But there is much more to the self-conscious designation of "southern" gospel than a concern for traditional music. More powerful is the degree to which the music has come to identify itself with a marketplace that mirrors the growth of conservative evangelical Christianity. As a result, recent advocates of southern gospel have argued that the real distinction in their music is a concern for theologically correct lyrics and for performers who maintain some semblance of a Christian lifestyle. Though this concern has not always been a primary factor within the industry, it is consistent with the roots of a gospel music tradition whose mission was identified first and foremost as serving the evangelical churches of rural America. Over the last three decades of the twentieth century, America seemed to become more conservative-particularly on issues related to the nation's social policies. Religious conservatives grew in political power, or at least grew more visible via traditional media outlets, and gained much more prominence in the nation's political and social discourse. The growing voice of the nation's social conservatives dovetailed nicely with the aims and aspirations of most southern gospel singers.

Many scholars who have studied gospel music have noted stark differences in the attributes of white and black gospel. The result of this observation has oftentimes been to suppose mistakenly that one simply emerged from the other and, in the case of white gospel, that it is simply a pale imitation. Consequently, many authors have fought a senseless battle over which came first and who influenced whom without a full recognition of the integrated nature of southern life, particularly during the formative years of the eighteenth and nineteenth centuries. White and black southerners lived, worked, and worshiped together even though custom and economic status often sanctioned the firm foundation of white supremacy. Even after segregation laws took effect in the late years of the nineteenth century, southerners of both races continued to influence one another on an almost daily basis.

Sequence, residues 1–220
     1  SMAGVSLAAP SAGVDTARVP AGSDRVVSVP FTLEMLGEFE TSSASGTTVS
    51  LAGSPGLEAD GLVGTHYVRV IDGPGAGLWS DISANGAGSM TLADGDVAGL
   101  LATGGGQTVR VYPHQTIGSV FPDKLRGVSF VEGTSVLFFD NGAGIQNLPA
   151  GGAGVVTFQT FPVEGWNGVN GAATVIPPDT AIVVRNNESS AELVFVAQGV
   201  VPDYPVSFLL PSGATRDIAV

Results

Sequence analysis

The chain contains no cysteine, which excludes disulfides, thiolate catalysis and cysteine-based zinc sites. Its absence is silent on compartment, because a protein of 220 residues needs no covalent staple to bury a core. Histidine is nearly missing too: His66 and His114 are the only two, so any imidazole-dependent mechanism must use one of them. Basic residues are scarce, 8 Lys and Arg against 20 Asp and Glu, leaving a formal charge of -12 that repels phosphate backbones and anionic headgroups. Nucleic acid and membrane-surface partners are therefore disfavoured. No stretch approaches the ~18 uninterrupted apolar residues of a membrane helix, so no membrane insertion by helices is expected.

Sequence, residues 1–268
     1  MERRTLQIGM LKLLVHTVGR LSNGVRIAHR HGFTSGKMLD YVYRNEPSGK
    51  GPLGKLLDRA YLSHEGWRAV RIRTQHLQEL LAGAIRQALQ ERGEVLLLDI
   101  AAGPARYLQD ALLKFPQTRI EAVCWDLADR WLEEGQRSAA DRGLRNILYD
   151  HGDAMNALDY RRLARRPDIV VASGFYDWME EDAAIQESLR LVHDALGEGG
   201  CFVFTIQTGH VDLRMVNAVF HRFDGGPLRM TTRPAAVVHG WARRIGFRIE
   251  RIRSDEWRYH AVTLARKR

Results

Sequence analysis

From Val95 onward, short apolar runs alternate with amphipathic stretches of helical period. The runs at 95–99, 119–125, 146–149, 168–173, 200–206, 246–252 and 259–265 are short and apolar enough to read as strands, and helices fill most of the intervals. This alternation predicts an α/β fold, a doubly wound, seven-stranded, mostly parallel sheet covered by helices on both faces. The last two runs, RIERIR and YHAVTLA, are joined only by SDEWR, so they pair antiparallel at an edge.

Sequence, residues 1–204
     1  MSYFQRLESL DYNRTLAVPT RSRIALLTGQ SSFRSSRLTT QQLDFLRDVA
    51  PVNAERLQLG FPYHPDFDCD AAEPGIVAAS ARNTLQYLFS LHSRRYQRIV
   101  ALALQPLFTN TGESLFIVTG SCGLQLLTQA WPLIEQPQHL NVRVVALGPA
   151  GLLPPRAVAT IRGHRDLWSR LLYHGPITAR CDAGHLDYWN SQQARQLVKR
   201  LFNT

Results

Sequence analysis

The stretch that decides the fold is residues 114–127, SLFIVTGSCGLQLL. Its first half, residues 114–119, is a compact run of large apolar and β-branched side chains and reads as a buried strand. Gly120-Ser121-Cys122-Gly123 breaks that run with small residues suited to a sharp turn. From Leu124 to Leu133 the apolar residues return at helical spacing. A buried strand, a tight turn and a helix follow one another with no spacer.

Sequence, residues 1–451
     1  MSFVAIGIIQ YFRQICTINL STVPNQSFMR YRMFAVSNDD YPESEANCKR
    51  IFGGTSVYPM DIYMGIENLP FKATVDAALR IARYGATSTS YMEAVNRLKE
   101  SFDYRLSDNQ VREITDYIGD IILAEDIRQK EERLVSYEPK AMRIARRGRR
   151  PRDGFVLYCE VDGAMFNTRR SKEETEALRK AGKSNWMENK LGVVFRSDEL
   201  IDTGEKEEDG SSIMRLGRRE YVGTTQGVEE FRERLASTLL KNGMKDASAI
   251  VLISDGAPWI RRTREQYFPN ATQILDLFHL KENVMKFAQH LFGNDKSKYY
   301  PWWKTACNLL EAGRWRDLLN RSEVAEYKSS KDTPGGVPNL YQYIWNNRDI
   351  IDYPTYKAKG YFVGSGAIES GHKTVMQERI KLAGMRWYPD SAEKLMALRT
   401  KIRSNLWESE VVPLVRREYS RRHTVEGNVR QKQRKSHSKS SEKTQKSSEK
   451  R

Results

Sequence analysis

Ironically, the area of life most divided in 1900 was religious life-segregation by custom rather than by any particular detail of a state's Jim Crow package. In part to experience fully one of the few areas where they had total control, blacks in the decades after the Civil War flocked to churches and denominations that were operated and controlled within the black community. A by-product was an increased separation in the performance of and preference for gospel music. The timing was pivotal, for the late decades of the nineteenth century would be the crucial decades in the development of the shape-note songbook publishing business and also in the formation of early quartet styling. Black and white singers would still listen, learn, and consciously borrow from each other, but segregation in general would mean that their audiences and the confines of their market would be separate for at least the first six decades of the twentieth century.